I suppose it’s possible that Abbey Wilson is a carrier for a genetic condition she doesn’t want to pass on.  It would be very unfair of me not to at least entertain that idea.  Based on her quote in the article, it doesn’t seem likely.  What does seem likely is that she and Girls Gone Wild Guy really wanted daughters, and they wanted them to be healthy. The truth is, I can’t blame them for wanting healthy children.  That would be crazy; every parent wants their child to be healthy.  I can’t even blame them for leaning towards one gender over another in preference.  Who hasn’t daydreamed during pregnancy about having that little girl/boy they always pictured when they envisioned themselves as a parent?  What I can blame people for is taking those wishes too far and crossing into the dangerous territory of eugenics.  

Does anyone remember the movie Gattaca?  It’s a movie about genetic engineering, and what the results look like a few decades after the concept was first implemented.  When I read this article tonight on Yahoo, I thought about this movie.  It gave me the heebie jeebies.  Science fiction movies set in the future are supposed to look incredibly cheesy when they actually reach that date.  They are not supposed to hold up and accurately resemble the society they portrayed twenty years before.

What do you think?  Were IVF and PGD used inappropriately in this circumstance?  Did it irritate you the way it irritated me?  I’m looking forward to reading/responding to the comments!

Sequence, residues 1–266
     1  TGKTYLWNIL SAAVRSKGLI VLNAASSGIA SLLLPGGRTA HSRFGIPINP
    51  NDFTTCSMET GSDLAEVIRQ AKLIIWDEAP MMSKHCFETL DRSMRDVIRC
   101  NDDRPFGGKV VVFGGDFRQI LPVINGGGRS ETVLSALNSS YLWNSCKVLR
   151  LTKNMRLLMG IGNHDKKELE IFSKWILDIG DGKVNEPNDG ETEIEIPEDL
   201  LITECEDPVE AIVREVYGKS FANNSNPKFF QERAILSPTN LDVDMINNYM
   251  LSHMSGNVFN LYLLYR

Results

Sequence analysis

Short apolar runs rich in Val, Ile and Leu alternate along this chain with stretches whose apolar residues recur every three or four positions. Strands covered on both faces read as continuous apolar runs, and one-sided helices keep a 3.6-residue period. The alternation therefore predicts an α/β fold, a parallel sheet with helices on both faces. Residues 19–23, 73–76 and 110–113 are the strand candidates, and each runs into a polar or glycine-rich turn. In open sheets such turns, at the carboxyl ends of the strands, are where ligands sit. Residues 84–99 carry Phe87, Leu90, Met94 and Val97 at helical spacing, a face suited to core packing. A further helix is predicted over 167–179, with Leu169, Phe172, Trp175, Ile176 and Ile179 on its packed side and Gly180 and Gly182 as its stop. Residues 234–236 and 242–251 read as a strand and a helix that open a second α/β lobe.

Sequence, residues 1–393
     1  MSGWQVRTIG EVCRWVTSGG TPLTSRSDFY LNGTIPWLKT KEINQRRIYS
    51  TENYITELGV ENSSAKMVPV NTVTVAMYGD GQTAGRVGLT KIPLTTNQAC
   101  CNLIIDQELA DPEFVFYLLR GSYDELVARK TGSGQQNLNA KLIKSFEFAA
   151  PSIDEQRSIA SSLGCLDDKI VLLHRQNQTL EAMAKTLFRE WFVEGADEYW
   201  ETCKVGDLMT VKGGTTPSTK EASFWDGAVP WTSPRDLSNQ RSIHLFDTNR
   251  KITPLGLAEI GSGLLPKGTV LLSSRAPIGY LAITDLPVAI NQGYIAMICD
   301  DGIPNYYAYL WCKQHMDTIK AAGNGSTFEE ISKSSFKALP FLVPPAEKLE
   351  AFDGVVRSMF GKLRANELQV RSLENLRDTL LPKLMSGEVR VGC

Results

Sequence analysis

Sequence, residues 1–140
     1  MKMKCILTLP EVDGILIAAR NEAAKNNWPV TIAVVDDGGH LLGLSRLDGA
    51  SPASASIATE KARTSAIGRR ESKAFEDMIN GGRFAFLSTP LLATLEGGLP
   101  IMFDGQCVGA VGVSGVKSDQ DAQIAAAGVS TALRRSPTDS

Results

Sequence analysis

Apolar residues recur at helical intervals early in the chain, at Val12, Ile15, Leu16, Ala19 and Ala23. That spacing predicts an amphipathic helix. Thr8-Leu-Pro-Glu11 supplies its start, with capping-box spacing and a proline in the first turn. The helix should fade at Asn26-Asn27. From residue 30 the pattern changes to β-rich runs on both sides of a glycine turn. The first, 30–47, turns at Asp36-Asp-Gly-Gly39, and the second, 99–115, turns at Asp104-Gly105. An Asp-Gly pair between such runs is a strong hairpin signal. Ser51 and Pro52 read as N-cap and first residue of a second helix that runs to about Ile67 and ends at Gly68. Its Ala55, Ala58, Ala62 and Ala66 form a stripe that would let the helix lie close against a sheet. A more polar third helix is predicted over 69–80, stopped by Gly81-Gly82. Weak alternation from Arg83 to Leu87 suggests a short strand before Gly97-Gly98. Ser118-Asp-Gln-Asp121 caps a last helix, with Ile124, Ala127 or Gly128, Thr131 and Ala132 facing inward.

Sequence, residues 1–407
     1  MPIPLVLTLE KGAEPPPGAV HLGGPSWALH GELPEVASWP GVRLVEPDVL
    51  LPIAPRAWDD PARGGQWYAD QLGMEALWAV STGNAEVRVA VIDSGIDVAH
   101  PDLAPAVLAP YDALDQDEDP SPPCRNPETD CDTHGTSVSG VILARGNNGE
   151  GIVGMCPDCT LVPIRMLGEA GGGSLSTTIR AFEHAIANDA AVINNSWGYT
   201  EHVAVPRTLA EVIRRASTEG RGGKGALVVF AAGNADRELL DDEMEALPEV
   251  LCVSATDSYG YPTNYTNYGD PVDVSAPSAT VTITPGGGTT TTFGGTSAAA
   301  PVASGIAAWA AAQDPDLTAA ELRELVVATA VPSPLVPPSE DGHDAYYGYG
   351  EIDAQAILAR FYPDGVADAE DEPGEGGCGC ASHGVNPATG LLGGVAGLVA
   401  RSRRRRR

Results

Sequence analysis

P.S.  This may be my favorite part of the article: “I believe people will finally understand my love, respect, and admiration for women.  I love girls.” — Joe Francis

I hope so too, Mr. Francis.  I have a feeling the way you make a living is going to affect you profoundly once you start raising daughters.  Becoming a parent has a way of doing that to you.

www.borrowedgenes.com

P.P.S. The issue of how far is too far when it comes to assisted reproduction will be explored on CNN this Sunday night, October 16, on This is Life With Lisa Ling: The Genius Experiment.  Yours truly will be featured with my husband and son during the last ten minutes of the show, hopefully sounding reasonably articulate and educated about the topic.

Blowing the Lid Off Pandora’s Box to Discover the Hope Inside: CNN, Egg Donors, and the Science of Chance